By the film’s climax, we know the voice’s messages were intended for Ray. Building the baseball field reunited Ray with his father. The pain Ray was supposed to ease was not “Moonlight” Graham’s or Terrence Mann’s, it was his own. Going the distance was a life lesson Ray had to learn by taking the journey himself. Ray told Annie his reason for building the field was fear of becoming his father. He says, “I never forgave my father for getting old. By the time he was as old as I am now, he was ancient. He must have had dreams but never did anything about them.” Later Ray reveals to Mann that his father’s one dream was to play in the majors and when that didn’t work out, he forced baseball on his son instead. By the time Ray was fourteen he refused to even play catch with his dad anymore. This resentment came to a head when Ray turned eighteen and finally told him, “I can never respect someone whose hero was a criminal.” The two never spoke again.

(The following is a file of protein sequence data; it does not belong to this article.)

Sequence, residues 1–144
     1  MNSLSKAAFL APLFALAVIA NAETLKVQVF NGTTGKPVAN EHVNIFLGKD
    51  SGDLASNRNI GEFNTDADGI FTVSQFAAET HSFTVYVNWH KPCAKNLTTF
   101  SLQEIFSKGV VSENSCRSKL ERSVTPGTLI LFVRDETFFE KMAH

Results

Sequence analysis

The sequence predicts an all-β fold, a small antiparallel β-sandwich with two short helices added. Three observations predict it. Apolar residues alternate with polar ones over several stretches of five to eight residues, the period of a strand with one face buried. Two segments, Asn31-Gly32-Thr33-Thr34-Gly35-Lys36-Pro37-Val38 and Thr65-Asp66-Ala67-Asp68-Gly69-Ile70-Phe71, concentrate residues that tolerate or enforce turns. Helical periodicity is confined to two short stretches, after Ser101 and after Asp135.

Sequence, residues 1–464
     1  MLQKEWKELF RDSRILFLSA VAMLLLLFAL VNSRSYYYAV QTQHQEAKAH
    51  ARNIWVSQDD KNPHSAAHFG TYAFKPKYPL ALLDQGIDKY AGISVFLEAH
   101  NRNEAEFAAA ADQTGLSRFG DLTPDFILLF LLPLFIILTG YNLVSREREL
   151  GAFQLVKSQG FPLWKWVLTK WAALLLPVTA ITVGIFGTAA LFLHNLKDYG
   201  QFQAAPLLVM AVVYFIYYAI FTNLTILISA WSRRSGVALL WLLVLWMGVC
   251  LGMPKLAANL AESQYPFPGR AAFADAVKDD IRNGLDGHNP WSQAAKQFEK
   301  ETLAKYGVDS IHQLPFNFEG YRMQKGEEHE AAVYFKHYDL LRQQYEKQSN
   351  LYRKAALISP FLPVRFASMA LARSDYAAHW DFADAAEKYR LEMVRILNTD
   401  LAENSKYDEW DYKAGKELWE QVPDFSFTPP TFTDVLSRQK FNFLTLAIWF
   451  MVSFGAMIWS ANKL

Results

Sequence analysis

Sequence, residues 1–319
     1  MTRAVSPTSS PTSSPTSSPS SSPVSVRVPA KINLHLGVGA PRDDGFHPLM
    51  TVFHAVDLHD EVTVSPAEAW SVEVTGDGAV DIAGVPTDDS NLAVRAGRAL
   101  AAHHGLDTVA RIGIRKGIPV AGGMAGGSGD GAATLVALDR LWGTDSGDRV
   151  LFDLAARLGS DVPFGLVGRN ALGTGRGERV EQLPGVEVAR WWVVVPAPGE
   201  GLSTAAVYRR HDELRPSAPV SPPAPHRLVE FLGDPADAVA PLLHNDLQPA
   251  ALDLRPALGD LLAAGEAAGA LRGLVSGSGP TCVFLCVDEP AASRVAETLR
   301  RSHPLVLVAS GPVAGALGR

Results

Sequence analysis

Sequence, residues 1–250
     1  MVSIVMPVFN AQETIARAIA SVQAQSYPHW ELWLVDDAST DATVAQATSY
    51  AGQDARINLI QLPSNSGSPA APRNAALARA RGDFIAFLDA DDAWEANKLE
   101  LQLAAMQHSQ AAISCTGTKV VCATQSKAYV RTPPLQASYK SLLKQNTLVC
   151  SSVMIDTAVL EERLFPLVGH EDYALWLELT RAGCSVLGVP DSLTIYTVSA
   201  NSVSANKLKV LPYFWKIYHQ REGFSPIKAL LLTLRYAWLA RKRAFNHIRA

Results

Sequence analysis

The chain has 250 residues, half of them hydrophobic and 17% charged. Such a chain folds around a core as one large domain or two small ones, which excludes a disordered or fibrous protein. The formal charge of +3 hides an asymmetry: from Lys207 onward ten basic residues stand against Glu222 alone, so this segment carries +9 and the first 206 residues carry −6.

The final scene in Field of Dreams has brought many grown men to tears. This may be due to the universal complexity of the father-son relationship. It is almost as if a son feels the need to run over his dad so he can become a man. This delicate relationship can be destroyed by a single catastrophic event or crumble over time through a web of tiny fractures caused by the tyranny of quiet resentment. Ultimately, a young man stands behind home plate and removes his catcher’s mask. Ray can’t believe the man is his father and says, “I only saw him years later when he was worn down by life. He’s got his whole life in front of him and I’m not even a glint in his eye. What do I say to him?” At first, Ray hesitates, and another moment is nearly lost. John turns towards the setting sun and almost walks away when Ray finally says, “Hey, Dad, you wanna have a catch.” To which John responds with, “I’d like that.” We are told that heaven is a place where dreams come true. In this story Ray longs for reconciliation with his father and his dream is fulfilled on a baseball field in Iowa.